Poly(glycidyl azide), A Highly Energetic Polymer Readily Accessible by Boron-Based Ate Complex

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Poly(glycidyl azide) (PGA) is considered excellent energetic binder or plasticizer in advanced solid propellants because of its high heat of combustion, thermal stability, and good compatibility with oxidizers. The pendent explosophore azido groups in poly(glycidyl azide) serve to improve the energetics of the binder and boost the overall performance of propellants. However for the applications mentioned above the reported synthetic methods of PGA all resort to an indirect strategy of synthesis involving the post-modification or azidation of poly(epichlorohydrin) to generate poly(glycidyl azide). As a matter of fact, no literature reference could be found indicating how to directly polymerize glycidyl azide and obtain the corresponding polymer, poly(glycidyl azide), without  interference by its pendent azido groups.

In our recent paper in Nature Communications (https://www.nature.com/articles/s41467-018-08251-1.pdf), we reported that glycidyl azide can be directly homopolymerized under “living conditions” into well-defined poly(glycidyl azide) through anionic ring-opening polymerization using onium salts as initiator in the presence of triethyl borane. In an earlier work (J. Am. Chem. Soc. 2016, 138, 11117-11120), we showed that poly(cyclohexene carbonate) and poly(propylene carbonate) can be obtained through copolymerization of CO2 with the corresponding epoxide monomer -cyclohexene oxide or propylene oxide- with triethyl borane as activator: as the latter Lewis acid is much milder than other Lewis acids which would react and ring-open glycidyl azide, it could be successfully used to activate the latter monomer and bring about its ring opening polymerization. Upon carrying out the polymerization reactions at 0 oC, and using 5 eq. of triethyl borane with respect to the (Oct)4NBr initiator, transfer reactions to the monomer and to the polymer chains could be effectively suppressed; polymerization occurred under these metal-free conditions in a controlled manner, affording poly(glycidyl azide) within a range of molar masses between 1,000 and 11,000 g/mol. α,ω-dihydroxy poly(glycidyl azide) telechelics of very low polydispersity and carrying all of their azido functions, thus responding to the requirement of propellant binders, could be easily prepared in this way.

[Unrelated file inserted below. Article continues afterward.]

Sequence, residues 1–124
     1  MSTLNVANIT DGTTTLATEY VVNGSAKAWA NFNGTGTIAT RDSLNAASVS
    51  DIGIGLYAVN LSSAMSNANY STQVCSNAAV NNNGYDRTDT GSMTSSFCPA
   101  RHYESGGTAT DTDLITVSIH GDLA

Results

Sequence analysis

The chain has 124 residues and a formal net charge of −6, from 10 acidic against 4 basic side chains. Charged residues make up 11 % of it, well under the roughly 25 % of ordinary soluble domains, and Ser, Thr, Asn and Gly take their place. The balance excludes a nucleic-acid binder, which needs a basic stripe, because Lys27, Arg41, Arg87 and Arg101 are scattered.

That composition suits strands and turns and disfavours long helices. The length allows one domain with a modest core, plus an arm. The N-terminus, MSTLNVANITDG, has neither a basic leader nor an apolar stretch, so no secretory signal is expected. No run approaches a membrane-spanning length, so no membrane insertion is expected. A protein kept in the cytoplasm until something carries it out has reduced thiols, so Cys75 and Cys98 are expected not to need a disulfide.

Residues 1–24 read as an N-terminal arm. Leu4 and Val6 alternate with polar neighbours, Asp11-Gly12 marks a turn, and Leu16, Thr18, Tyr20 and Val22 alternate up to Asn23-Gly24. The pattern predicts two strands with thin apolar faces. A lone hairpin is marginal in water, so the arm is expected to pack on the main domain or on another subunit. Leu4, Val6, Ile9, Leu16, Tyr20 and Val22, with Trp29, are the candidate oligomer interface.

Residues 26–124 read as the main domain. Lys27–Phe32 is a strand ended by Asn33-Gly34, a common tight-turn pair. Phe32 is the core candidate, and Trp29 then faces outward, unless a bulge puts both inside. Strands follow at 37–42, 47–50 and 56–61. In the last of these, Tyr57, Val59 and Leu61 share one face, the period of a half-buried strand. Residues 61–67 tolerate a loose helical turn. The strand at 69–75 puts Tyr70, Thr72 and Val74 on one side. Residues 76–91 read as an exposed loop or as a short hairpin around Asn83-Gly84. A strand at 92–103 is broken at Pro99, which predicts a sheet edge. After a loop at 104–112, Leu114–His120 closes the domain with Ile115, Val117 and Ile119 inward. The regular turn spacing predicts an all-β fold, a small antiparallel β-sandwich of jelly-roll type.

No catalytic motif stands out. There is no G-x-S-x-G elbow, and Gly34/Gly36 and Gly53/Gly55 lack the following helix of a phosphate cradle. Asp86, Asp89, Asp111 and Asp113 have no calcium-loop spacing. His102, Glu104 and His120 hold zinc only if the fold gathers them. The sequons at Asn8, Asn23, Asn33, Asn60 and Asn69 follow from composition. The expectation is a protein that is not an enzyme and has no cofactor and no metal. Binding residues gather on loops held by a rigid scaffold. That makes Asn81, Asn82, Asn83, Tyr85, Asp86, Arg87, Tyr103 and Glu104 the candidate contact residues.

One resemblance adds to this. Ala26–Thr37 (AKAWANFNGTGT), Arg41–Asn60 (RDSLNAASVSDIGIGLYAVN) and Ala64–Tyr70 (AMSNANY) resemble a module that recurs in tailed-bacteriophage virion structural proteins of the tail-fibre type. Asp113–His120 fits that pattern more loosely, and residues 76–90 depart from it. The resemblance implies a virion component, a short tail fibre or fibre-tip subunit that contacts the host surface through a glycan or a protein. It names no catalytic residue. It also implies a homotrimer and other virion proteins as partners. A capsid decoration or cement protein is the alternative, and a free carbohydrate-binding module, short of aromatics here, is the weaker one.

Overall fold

Glycidyl azide was then copolymerized with CO2 using the same initiator/activation system to synthesize carbonate-containing which results in the synthesis of poly(glycidyl azide) as a means to endow degradability to the latter polymer. Various azido-carrying polyethers were also prepared by random co- and terpolymerization of glycidyl azide with various epoxides. Upon derivatization of the dangling azido groups of these polymers through reduction into primary amines or “click” reactions various functional polyethers and polycarbonates could be derived: for instance poly(glycidyl amine)s carrying side primary amines can serve as attractive substitutes for poly(vinyl amine)s that are found in applications such as water purification by metal-binding, paper additives, polyelectrolyte complexation, etc…


Vice-President of Academic Affairs, KAUST